oxygen atoms in the dynamic STM mode due to the eﬀect of cross-talk, as discussed earlier.
Let us note here that, in certain experimental investigations, a qualitative comparison of site-speciﬁc Δf values can be suﬃcient to draw conclusions about atomic-scale surface properties to aﬁrst approximation, thus avoiding the need to perform an extensive quantiﬁcation of interaction forces. In such cases, it should be suﬃcient to acquire only a small number of images at diﬀerent frequency shift set points (corresponding to diﬀerent mean tip−sample distances) than required for full three-dimensional data sets, as long as the data allow the construction of a single map ofΔf at a given constant height. On the other hand, if both constant height and 3D-AFM operation are not possible, but stable operation in both STM and NC-AFM imaging modes can be separately achieved, reliable complementary information may only be obtained by imaging the surface region of interest alternatingly with both imaging modes, preferably at low temperatures to suppress the eﬀect of lateral thermal drift.
Our ﬁndings can be generalized to the simultaneous acquisition of two physically independent interactions A and B, while regulating on just one. The resulting information is stored in three diﬀerent channels, where channels 1 and 2 record interactions A and B, respectively, and channel 3 contains the z signal (i.e., the“topography”) produced by the feedback attempting to keep interaction A constant. If the z corrugation in channel 3 is comparable to or larger than the decay length of interaction B, it is not possible to obtain useful information about interaction B. In this case, any assignment of image features observed in channel 2 to lattice sites will be risky at best, in particular if structural asymmetries at the tip apex induce an oﬀset between channels 2 and 3, as we have found to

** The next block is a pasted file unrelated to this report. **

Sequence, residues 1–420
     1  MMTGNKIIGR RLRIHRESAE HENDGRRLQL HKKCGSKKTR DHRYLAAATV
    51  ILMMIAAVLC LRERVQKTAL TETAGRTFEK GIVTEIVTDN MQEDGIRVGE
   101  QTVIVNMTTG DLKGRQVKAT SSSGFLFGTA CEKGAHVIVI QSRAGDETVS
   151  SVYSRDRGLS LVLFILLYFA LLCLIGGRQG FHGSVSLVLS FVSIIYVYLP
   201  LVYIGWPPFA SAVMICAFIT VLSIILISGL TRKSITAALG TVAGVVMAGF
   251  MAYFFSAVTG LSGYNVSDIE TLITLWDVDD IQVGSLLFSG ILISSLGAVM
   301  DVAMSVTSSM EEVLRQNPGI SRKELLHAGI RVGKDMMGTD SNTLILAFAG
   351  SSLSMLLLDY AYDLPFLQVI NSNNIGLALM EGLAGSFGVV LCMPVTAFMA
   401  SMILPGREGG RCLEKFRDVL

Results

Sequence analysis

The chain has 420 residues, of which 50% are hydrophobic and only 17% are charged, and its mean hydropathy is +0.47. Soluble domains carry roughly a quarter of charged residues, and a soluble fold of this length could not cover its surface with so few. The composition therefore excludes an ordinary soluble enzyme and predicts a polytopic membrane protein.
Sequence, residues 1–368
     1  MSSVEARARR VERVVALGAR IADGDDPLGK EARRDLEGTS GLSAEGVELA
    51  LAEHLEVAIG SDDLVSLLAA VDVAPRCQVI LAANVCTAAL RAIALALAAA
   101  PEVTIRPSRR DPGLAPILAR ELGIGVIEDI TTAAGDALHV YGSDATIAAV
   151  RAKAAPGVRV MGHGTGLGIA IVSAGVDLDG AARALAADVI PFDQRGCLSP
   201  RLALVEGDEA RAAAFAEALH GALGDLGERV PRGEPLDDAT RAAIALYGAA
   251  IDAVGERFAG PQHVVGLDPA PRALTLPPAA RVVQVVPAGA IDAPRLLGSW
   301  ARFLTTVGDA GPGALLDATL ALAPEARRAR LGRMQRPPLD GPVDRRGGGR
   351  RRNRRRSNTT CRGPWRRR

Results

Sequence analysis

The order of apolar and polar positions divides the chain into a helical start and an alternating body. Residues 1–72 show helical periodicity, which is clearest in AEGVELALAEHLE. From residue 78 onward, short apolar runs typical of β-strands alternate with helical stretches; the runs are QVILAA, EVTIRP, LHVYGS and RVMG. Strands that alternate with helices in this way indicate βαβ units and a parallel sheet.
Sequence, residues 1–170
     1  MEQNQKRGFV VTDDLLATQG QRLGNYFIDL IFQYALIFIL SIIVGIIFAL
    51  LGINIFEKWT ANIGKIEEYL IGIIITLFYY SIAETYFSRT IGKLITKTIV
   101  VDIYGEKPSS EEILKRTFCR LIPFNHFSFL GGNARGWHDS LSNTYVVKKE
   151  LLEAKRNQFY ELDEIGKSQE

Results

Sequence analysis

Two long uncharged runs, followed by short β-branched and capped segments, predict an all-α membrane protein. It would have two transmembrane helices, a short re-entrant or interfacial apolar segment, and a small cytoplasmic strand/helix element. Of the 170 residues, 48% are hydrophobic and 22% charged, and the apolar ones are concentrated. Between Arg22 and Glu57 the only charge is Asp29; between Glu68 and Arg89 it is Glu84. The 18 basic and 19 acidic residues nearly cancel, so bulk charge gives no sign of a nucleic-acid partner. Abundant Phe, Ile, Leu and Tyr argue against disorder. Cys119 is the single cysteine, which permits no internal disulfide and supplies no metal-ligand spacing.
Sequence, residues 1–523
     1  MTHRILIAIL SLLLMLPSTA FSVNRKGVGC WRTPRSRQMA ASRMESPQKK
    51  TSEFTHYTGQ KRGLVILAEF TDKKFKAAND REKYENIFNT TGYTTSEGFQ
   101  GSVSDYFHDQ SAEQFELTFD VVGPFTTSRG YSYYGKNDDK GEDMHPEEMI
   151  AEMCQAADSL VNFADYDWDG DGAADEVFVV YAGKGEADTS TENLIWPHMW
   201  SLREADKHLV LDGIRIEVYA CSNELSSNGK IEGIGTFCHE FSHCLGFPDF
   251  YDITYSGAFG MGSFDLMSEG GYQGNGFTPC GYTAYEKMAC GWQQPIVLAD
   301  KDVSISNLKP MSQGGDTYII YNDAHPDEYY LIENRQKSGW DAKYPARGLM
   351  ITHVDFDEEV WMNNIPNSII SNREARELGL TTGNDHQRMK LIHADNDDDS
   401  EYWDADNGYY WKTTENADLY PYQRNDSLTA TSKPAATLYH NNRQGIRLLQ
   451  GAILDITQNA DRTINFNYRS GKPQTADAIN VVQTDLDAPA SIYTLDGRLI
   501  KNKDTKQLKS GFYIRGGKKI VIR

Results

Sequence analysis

be commonly the case. The situation only changes if the corrugation in channel 3 is lower (ideally much lower) than the typical decay length of interaction B so that the images obtained in channel 2 can be considered to be more or less constant height. This speciﬁc case may occur if interactions A and B feature greatly diﬀerent decay lengths and one chooses the interaction with the shorter decay length as the feedback signal. Alternatively, as pointed out earlier, one can slow the feedback loop to a degree that atomic-scale features are not followed. In this case, “quasi-constant-height” imaging is achieved with physically relevant information in channels 1 and 2.
Let us conclude the discussion presented in this section by mentioning that the contrasts observed for both data channels might also be inﬂuenced by structural asymmetry of the probe tip on a larger scale than the model apexes considered here, as well as by other complications such as elastic deformations.42 Consequently, it is not always possible to perform straightfor-ward assignments of atomic positions to speciﬁc features in data sets that show strong asymmetric features in both data channels.